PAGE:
Gen Z comprises 67 million people all over the world. Fascinating, isn’t it?
Even though Gen Z is known as the “young generation”, the oldest of this generation is now 25 years old. They are all grown up. They have entered the corporate world and the workforce.
It is estimated that by the year 2025, Gen Z will make up 25% of the workforce. This statement might sound controversial, but it is a fact that people are now looking up to Gen Z to revolutionize the operations of the workplace.
Those born between 1997-2012 are playing a crucial role in this industrial revolution and will soon take over the workforce by storm. They are setting a trend that will be charted in the next decades. How does this generation plan on influencing the workforce with their approach and vision? Let’s dive in.
Recruiters and hiring managers need to understand how this generation grew up. They saw their parents using keypad phones and then experienced the rise of smartphones. They saw the 2008 recession and how their parents struggled. In most recent years, Gen Z navigated the Covid-19 pandemic. They grew up during the boom of social media and navigated the whole world shutting down via the internet. Gen Z has been through and seen much.
The present market needs to modify according to the current generation’s demand. They cannot adhere to the rules and regulations that worked in the early 2000s. Gen Z is looking for something interesting and challenging that aligns with their career path and offers work-life balance. They don’t want to spend hours toiling. They’re faster, smarter, and have a distinctive way of thinking.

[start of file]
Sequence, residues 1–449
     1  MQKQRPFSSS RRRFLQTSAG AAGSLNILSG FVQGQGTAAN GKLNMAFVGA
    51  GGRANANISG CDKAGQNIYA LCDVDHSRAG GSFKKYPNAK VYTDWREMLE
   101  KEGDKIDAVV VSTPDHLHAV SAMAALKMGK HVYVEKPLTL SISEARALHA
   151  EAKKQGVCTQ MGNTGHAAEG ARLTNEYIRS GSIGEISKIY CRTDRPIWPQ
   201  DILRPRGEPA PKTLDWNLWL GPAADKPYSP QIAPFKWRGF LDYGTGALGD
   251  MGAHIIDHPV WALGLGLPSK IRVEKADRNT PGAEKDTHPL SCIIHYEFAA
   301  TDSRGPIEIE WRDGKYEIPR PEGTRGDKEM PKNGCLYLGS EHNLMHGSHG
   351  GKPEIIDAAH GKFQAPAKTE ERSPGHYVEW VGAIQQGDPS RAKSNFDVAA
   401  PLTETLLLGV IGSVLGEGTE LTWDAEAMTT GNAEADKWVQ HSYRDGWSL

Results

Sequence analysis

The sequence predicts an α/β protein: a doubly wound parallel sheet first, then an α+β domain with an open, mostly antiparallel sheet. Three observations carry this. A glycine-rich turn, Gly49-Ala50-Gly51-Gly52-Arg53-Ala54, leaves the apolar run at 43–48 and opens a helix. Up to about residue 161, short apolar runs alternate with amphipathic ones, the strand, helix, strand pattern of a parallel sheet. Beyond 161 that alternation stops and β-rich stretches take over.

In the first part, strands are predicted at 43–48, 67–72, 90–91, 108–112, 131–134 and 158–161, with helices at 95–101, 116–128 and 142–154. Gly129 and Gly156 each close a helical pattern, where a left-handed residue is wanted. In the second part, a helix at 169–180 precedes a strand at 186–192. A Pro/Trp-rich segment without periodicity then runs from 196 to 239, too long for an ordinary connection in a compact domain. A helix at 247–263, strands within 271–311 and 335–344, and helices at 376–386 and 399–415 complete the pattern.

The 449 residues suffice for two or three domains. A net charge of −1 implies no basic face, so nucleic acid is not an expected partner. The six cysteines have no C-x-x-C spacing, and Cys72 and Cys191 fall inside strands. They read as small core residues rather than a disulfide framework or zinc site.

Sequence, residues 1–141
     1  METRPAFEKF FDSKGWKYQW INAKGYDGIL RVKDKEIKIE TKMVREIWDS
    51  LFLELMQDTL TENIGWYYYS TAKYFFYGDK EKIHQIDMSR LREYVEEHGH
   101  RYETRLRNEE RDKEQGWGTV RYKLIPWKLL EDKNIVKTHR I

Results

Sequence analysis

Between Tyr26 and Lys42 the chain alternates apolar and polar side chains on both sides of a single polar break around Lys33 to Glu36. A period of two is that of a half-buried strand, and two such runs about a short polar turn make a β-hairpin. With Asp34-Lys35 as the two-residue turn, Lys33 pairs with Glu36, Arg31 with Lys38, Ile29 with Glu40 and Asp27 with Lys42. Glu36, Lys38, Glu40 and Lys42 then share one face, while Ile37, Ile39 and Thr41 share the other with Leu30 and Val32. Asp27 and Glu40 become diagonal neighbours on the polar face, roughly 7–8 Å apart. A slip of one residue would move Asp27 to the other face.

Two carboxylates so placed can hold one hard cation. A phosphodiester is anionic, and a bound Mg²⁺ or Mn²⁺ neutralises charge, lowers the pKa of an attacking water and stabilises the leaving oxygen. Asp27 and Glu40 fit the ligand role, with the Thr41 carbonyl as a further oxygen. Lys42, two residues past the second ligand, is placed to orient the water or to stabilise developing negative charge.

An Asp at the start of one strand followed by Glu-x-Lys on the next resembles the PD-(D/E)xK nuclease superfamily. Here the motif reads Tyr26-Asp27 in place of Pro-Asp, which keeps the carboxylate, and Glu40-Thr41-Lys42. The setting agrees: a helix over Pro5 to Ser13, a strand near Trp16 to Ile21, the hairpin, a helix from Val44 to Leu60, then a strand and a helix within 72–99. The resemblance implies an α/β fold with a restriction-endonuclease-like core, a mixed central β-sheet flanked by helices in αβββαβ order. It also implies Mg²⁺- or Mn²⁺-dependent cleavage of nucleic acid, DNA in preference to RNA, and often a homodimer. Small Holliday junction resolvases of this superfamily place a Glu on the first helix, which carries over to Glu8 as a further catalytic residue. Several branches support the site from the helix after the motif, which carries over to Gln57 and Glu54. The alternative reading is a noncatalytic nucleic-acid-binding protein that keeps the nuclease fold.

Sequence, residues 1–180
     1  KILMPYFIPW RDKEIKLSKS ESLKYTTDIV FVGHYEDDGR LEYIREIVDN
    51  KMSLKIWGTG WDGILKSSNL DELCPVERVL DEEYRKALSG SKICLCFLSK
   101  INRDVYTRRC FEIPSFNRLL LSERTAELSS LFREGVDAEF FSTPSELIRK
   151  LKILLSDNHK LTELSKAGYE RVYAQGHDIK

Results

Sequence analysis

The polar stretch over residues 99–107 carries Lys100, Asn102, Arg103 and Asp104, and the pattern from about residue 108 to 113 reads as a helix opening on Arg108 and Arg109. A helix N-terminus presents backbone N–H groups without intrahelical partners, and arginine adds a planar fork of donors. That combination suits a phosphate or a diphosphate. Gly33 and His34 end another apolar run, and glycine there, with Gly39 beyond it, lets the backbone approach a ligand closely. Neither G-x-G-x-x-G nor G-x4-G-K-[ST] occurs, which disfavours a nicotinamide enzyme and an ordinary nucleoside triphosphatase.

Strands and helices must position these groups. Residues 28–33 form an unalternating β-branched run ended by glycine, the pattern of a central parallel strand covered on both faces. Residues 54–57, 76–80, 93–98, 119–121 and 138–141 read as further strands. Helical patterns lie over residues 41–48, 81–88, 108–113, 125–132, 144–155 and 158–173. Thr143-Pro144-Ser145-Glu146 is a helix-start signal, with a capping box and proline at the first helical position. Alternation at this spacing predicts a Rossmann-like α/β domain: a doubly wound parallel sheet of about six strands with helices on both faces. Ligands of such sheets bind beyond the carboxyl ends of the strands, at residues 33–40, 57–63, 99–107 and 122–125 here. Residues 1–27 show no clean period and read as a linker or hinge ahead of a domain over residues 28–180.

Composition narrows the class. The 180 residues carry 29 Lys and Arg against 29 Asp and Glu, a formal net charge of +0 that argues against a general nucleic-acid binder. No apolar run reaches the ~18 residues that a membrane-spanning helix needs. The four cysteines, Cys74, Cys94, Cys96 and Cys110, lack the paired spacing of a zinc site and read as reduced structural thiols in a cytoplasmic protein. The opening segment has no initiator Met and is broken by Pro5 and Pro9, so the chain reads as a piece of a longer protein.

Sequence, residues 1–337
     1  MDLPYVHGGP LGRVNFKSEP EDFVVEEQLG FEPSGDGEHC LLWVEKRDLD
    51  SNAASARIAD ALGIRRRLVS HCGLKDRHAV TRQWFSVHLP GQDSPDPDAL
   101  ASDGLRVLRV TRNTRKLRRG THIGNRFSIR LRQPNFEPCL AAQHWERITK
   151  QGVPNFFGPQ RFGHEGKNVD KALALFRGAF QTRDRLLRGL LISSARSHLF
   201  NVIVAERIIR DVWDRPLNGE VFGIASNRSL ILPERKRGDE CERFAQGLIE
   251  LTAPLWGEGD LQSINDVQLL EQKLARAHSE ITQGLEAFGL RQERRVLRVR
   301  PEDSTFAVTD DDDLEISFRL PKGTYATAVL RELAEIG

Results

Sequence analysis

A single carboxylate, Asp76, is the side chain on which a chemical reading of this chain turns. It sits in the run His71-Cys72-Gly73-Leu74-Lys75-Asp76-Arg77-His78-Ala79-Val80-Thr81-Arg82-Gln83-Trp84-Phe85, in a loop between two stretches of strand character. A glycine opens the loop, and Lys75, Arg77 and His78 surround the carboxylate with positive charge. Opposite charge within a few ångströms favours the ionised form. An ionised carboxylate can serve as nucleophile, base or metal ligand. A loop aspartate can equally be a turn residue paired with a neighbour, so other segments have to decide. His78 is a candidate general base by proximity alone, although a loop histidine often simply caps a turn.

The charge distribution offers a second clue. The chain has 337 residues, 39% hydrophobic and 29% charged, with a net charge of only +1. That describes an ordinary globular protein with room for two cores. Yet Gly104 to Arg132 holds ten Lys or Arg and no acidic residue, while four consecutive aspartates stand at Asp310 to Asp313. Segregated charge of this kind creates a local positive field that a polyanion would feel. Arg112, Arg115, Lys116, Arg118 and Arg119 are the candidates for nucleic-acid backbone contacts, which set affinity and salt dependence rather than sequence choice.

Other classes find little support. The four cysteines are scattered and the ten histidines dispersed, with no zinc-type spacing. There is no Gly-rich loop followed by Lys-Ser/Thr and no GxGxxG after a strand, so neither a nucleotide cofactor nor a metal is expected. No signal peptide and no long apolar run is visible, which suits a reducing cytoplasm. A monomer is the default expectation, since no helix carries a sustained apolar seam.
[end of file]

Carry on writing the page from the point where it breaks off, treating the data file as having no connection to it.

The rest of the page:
So, how can an organization attract Gen Z talent? What can they offer?
Gen Z is looking for flexibility. Flexibility doesn’t always pertain to remote work. Gen Z tends to leave or consider leaving a job if their employer doesn’t offer a flexible work policy. Flexibility offers a wide range of meanings. Research shows that out of 4000 Gen Z (age 18 to 25) , 70% prefer a mixture of being in the office and at home or just full work from the office, rather than entirely going remote.
Gen Z has seen enough tumultuous years to value flexibility and adaptability. They’re not flag bearers of old-school thinking anymore. What does this entail for hiring managers and recruiters? Depending on the requirements of the role, it’s preferable to offer flexibility or a hybrid option. It appeals to the candidate to explore the role more compared to Gen X or millennials. A better alternative would be giving the new hire a choice to choose his/her weekly hours as long as the assignment gets done.
Contractual work is also attracting a lot of attention. It gives Gen Z a chance to explore manifold opportunities over the years. With so many possibilities and probabilities, an organization needs to map how they want to progress with their hiring strategy.
Gen Z needs communication to thrive. Working from home can seem enticing at first but soon it’ll lead to burnout. Recruiters should prepare beforehand on how to tackle such situations. Flexibility is one of the most crucial keys to attracting Gen Z talent. It also ensures fair recruiting, equal opportunity for all, and a more inclusive work environment.
Organizations should offer an opportunity to learn and grow not only as an employee but also as an individual. Before Gen Z joins a company, they wonder how the organization can help them grow.
Give them reason to join the organization. Promote a culture of learning and career enhancement.
Companies should indulge in a mentorship program, give access to learning courses and feature these skills on their website and social media platforms to attract this generation. Gen Z wants to know when and why they would work. A study shows that 76% of Gen Z employees cite learning as the key to a successful career and that 2/5th is willing to accept a pay cut of up to 5% for a role that facilitates better learning opportunities.